A paper has recently appeared, however, in Child Development (5) by a Boston University team which tried to study a child’s conception of the pre-life from which he/she came. Their aim was to find out where beliefs of an immortal soul come from, whether it is hard-wired in our biological make-up or learned through religious teachings, cultural influences such as books and movies, or simply intuition. Their reasoning was that by asking very young children about their pre-life, there would be fewer cultural and religious forces which would have influenced them (especially since Catholicism, the religion of one group, teaches that life begins at conception).

They interviewed 283 children, ages 5-12, from two groups, one from an indigenous Shuar village in the Amazon Basin of Ecuador which has no concept of a pre-life, and the other from an urban area near Quito, Equador (Catholic). They showed the children drawings of a baby, a young woman, and the same woman pregnant. They then asked the children a series of questions about their concepts of the baby’s abilities, thoughts and emotions during three periods: as a live baby, as a baby in the womb, and before conception.

Monday, February 10, 2014

Origin of Species - An Example


How new species arise has been a question at the core of evolutionary theory and a point of challenge for those forces which adhere to an intelligent designer as the source. The idea of a new species arising from a pre-existing one seems to require many simultaneous changes, many of which could prove lethal. Yet in a paper recently published in Cell Reports (1), it appears that the process isn’t all that difficult or rare. Only relatively few genetic changes are needed for the evolution of a new species, even when two divergent populations remain in contact and continue to mate.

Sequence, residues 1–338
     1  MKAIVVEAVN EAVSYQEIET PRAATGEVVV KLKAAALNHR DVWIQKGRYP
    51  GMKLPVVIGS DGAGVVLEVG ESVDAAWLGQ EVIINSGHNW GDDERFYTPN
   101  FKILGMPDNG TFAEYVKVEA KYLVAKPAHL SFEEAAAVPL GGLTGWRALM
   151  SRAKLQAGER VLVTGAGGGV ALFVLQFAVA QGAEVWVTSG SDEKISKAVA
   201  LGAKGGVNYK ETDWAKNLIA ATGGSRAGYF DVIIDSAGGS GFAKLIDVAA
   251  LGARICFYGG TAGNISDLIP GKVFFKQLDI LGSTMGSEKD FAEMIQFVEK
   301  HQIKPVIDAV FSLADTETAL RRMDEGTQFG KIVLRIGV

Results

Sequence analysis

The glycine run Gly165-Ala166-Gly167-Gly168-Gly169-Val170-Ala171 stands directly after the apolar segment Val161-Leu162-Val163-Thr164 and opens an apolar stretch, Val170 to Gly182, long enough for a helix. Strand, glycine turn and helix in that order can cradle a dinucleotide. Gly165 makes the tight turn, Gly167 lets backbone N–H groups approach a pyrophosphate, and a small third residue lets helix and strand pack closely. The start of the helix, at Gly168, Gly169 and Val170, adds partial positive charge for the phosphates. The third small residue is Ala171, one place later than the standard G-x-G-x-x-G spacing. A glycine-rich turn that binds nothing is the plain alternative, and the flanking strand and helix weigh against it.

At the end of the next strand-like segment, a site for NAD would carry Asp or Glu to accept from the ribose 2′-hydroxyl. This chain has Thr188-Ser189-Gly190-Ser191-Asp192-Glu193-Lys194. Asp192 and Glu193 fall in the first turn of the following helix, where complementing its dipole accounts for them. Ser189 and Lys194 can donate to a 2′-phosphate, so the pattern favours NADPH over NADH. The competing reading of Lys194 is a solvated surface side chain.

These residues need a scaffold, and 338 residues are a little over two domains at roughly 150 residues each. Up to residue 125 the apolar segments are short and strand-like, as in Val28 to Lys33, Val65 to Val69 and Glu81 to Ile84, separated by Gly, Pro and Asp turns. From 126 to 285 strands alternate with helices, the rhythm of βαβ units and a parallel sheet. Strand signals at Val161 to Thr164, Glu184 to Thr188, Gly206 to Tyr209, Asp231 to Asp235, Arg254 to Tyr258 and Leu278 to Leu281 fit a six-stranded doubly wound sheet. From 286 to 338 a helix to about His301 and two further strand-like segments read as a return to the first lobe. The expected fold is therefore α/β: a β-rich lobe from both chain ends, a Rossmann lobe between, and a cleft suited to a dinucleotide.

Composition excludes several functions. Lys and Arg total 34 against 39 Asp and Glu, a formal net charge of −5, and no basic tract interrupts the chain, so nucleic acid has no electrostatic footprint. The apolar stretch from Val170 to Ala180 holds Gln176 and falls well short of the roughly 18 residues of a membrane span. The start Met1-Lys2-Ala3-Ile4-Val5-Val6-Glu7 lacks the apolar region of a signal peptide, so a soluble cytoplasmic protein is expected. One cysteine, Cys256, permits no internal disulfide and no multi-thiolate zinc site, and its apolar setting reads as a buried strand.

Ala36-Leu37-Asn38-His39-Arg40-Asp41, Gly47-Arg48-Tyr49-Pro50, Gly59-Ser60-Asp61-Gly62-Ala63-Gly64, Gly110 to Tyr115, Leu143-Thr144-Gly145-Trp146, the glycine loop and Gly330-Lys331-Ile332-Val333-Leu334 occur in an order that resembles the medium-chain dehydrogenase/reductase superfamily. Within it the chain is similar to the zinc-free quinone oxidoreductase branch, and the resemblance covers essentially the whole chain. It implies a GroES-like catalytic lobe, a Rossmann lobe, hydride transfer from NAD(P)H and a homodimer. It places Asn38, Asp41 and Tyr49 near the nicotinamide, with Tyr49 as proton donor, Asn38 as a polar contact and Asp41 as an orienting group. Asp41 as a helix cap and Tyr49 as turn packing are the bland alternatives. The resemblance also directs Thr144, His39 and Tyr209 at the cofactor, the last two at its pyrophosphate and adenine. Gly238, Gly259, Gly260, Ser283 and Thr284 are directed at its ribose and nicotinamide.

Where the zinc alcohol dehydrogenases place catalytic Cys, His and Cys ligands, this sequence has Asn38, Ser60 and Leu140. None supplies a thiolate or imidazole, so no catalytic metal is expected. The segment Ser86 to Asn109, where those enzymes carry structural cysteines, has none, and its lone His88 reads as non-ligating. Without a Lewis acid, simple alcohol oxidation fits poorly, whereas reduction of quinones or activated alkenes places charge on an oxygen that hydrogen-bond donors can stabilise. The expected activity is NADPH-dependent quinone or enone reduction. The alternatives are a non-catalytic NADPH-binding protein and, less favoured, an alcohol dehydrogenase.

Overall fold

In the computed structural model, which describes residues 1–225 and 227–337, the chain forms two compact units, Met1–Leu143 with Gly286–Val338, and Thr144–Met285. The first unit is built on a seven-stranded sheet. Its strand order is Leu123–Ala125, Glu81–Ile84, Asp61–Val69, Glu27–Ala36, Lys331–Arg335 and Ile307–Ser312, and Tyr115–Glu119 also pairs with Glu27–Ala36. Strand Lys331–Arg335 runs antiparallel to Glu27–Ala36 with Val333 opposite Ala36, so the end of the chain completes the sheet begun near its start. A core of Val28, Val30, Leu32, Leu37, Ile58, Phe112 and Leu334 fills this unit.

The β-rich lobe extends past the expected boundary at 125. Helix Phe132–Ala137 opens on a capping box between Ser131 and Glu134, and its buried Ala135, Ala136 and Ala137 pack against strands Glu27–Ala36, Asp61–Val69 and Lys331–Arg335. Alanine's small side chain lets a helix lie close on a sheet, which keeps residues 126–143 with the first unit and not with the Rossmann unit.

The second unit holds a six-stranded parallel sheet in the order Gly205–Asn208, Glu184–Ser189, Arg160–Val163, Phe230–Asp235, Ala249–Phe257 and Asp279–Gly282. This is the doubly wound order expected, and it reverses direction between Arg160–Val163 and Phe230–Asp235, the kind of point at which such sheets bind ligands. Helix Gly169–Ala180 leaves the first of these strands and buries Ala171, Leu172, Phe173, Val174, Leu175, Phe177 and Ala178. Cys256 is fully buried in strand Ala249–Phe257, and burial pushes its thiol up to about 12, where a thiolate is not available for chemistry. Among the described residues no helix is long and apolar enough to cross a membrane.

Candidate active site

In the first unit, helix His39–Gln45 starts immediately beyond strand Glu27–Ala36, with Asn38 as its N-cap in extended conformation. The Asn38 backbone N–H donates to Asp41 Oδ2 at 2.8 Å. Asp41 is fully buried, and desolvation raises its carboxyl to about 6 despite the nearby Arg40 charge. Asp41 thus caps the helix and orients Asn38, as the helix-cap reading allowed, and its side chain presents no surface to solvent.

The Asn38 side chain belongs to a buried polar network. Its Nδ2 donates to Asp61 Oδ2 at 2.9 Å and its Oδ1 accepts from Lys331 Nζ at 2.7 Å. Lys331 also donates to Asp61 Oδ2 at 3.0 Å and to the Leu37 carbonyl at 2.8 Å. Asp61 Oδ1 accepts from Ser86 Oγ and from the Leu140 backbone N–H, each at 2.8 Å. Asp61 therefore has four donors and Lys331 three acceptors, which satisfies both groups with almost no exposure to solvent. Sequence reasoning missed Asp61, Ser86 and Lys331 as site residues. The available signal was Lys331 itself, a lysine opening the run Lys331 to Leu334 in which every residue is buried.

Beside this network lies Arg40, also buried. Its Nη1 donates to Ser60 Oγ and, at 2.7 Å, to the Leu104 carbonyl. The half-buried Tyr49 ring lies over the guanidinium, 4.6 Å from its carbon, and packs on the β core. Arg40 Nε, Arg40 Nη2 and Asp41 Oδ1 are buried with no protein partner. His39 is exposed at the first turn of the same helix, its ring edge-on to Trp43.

The researchers at the University of Chicago analyzed the genomes of two closely related butterfly species, Heliconius cydno and H. pachinus. They found that the initial divergence occurs in a small fraction of the genome, usually related to wing color pattern, which is important in mating and predator avoidance. Once started, however, added changes in other genes rapidly occurred in escalating divergence, usually in neutral regions of the genome.

The divergent regions were shown to be the result of both natural selection and adaptive introgression (the movement of genes through backcrossing of hybrids with parental species, since the hybrid species were still able to mate with parental species). The process of new species creation was shown to be a gradual one, rather than the result of a sudden split between two divergent populations. According to the authors, the mechanism of selection and adaptive introgression in the creation of a new species demonstrates “the link between mircroevolutionary processes acting within species and the origin of species across macroevolutionary timescales,” thus addressing the objection put forth by proponents of intelligent design that evolution explains changes on a micro level but not on a macro level.

How important this type of speciation is to other organisms remains to be seen, but the fact that it can occur in butterflies should send some deniers of evolution back to the drawing board.



1.     Marcus R. Kronforst, Matthew E.B. Hansen, Nicholas G. Crawford, Jason R. Gallant, Wei Zhang, Rob J. Kulathinal, Durrell D. Kapan, Sean P. Mullen. Hybridization reveals the evolving genomic architecture of speciation. Cell Reports, 2013 DOI: 10.1016/j.celrep.2013.09.042